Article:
Risk Management (General)
To Tell the Truth: Applicant Nondisclosure of Obesity and HIV and Hepatitis C
Applicants’ self-disclosed Human Immunodeficiency Virus (HIV) and hepatitis C virus (HCV) status as well as body mass index (BMI) are important risk factors for morbidity and mortality in both accelerated and traditional (full) underwriting processes. In combination with self-disclosed smoking and medical history (diabetes, hypertension, heart failure, high cholesterol), which was discussed in a previous issue of Contingencies, these conditions constitute a majority of the leading medical inputs to the risk-assessment process.
Seasonal Influenza and Mortality
Can big data from a bad flu season yield insights into all-cause mortality and help guide insurance risk assessment? RGA and Blue Dot partner to explore the global spread of infectious disease and arrive at fascinating insights.
Impaired Risk Review: Rage Against the Machine
Increasingly, computer templates are making binding underwriting decisions through information that is programmed in with final decisions virtually unappealable. It’s a frustrating situation that is taking the human element out of a very human situation of health and risk assessment.
Classification Model Performance (Gen Re Risk Insights)
Insurers are increasingly developing prediction models to use in their insurance processes. Often these models are using traditional techniques, but more and more we see machine learning techniques being applied.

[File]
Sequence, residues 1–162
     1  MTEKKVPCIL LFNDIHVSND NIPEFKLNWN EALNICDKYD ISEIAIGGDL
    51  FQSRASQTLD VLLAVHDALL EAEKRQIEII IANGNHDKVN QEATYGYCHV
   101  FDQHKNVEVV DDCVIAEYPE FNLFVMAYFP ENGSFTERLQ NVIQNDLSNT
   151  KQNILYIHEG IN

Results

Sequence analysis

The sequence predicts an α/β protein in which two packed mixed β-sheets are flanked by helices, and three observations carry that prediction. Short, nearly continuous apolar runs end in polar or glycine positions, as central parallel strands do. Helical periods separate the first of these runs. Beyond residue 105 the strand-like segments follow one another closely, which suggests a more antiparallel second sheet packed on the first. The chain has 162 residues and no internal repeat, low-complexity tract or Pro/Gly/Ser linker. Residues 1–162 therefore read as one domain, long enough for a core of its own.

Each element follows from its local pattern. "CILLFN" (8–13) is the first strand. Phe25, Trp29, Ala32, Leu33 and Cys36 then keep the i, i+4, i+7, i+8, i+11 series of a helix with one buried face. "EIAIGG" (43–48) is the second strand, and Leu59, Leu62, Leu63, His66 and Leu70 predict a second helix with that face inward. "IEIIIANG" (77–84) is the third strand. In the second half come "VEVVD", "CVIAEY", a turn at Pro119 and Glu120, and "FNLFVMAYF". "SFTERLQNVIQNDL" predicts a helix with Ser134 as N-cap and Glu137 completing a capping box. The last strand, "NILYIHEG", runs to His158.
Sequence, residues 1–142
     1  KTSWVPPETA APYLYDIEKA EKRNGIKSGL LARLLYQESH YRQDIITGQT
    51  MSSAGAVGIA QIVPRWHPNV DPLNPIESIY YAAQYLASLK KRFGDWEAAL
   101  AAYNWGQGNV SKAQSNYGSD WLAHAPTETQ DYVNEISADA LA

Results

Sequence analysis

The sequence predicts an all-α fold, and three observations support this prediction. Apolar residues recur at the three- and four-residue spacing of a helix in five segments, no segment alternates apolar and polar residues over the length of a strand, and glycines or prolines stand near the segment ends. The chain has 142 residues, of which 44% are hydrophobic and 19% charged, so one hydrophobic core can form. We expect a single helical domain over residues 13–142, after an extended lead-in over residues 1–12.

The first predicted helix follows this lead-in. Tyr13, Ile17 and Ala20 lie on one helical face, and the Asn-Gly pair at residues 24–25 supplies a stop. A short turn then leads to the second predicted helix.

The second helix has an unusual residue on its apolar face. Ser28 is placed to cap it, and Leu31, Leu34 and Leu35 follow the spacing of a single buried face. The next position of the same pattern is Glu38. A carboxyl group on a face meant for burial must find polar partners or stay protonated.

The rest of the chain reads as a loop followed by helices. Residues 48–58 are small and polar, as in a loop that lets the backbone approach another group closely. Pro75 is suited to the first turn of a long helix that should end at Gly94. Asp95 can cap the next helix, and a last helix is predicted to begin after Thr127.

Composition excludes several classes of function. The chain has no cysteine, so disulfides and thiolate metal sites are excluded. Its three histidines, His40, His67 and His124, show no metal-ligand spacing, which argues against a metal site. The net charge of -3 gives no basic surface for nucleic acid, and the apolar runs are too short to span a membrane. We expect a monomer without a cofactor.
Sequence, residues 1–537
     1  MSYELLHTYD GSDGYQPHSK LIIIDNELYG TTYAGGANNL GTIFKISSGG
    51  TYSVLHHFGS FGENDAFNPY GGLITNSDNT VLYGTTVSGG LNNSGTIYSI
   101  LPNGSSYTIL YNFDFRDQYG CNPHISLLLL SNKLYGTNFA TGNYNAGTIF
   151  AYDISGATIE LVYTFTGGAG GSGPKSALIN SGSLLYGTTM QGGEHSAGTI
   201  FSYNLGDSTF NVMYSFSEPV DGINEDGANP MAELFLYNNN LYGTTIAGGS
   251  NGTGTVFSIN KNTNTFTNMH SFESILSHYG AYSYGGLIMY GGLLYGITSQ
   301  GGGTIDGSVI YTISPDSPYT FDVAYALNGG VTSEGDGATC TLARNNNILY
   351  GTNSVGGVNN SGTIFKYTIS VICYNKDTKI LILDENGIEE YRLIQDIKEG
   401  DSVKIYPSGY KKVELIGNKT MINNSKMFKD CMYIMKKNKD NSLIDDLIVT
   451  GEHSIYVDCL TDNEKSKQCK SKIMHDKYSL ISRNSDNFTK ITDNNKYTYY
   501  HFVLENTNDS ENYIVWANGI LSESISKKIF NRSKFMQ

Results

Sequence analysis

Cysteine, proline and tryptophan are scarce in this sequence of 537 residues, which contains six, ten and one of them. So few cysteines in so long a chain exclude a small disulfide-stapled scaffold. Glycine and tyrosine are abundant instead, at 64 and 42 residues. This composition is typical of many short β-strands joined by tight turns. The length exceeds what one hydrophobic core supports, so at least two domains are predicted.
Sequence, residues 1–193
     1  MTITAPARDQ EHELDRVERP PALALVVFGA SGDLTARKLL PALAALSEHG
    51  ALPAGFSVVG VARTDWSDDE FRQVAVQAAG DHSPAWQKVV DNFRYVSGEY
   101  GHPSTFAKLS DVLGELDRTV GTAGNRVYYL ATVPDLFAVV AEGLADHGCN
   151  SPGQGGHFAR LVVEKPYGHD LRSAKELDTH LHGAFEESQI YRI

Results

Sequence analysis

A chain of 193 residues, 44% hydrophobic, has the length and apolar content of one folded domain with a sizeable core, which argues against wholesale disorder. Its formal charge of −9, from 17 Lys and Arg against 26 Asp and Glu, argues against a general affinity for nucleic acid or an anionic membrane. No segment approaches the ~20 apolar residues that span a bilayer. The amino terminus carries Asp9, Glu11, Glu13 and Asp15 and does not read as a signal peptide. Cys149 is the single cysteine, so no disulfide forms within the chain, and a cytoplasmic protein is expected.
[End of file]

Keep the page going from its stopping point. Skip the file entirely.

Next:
Underwriting and Calculators
On our travels we speak to a lot of people about underwriting manual developments. One topic which comes up time and again is calculators: great invention or the work of The Devil?
Cancer Risks: Are We Getting Them Right?
Researching cancer mortality over the past few months has proved to be a bit of an eye-opener, and in three ways: firstly the level of excess mortality seen in a number of cancers, secondly the duration over which an extra risk persists, and thirdly that excess mortality may extend over a considerable period.
Can Big Data Spell the End of Uncertainty?
Big data applications are increasingly shaping our everyday lives, making trends more transparent and patterns more predictable. Like insurance, science, notably medicine, is equally subject to the novel possibilities and demands resulting from big data. Will risks gradually decline as trends and patterns become more predictable in healthcare and for behavior? Are the days of insurance and science as we know them numbered?
Big Data, Big Insight – What Does It Offer to Life Insurers?
In an earlier Risk Insights article, we examined the bold claim for big data that the abundance and speed of information would make knowledge redundant. We concluded that if knowledge is understood as the body of causal explanations for observed statistical correlations, there could indeed be a grain of truth in such a claim, especially in the field of commercial applications.
Insuring HIV - Q&A with Dr. Dan Zimmerman
Recently, RGA’s Dr. Dan Zimmerman spoke to the Association of Home Office Underwriters (AHOU) about the history of HIV/AIDS and insurance, and how risk modeling can reasonably conclude that some individuals with HIV can now be candidates for life insurance coverage. We sat down with Dr. Zimmerman to discuss his presentation and the paradigm shift in the availability of life insurance for people with HIV.
Impaired Risk Review: Crediting Systems
Once upon a time, being a standard risk in the underwriting process was the best you could hope for. It meant that your health was at the top of the group of insured lives being considered and eligible for the best rate, and that you would live all the way out to the prediction of the actuarial life tables. Now, life insurers have created a whole tier of preferred and super preferred pricing that makes a standard issue almost seem like a rated policy.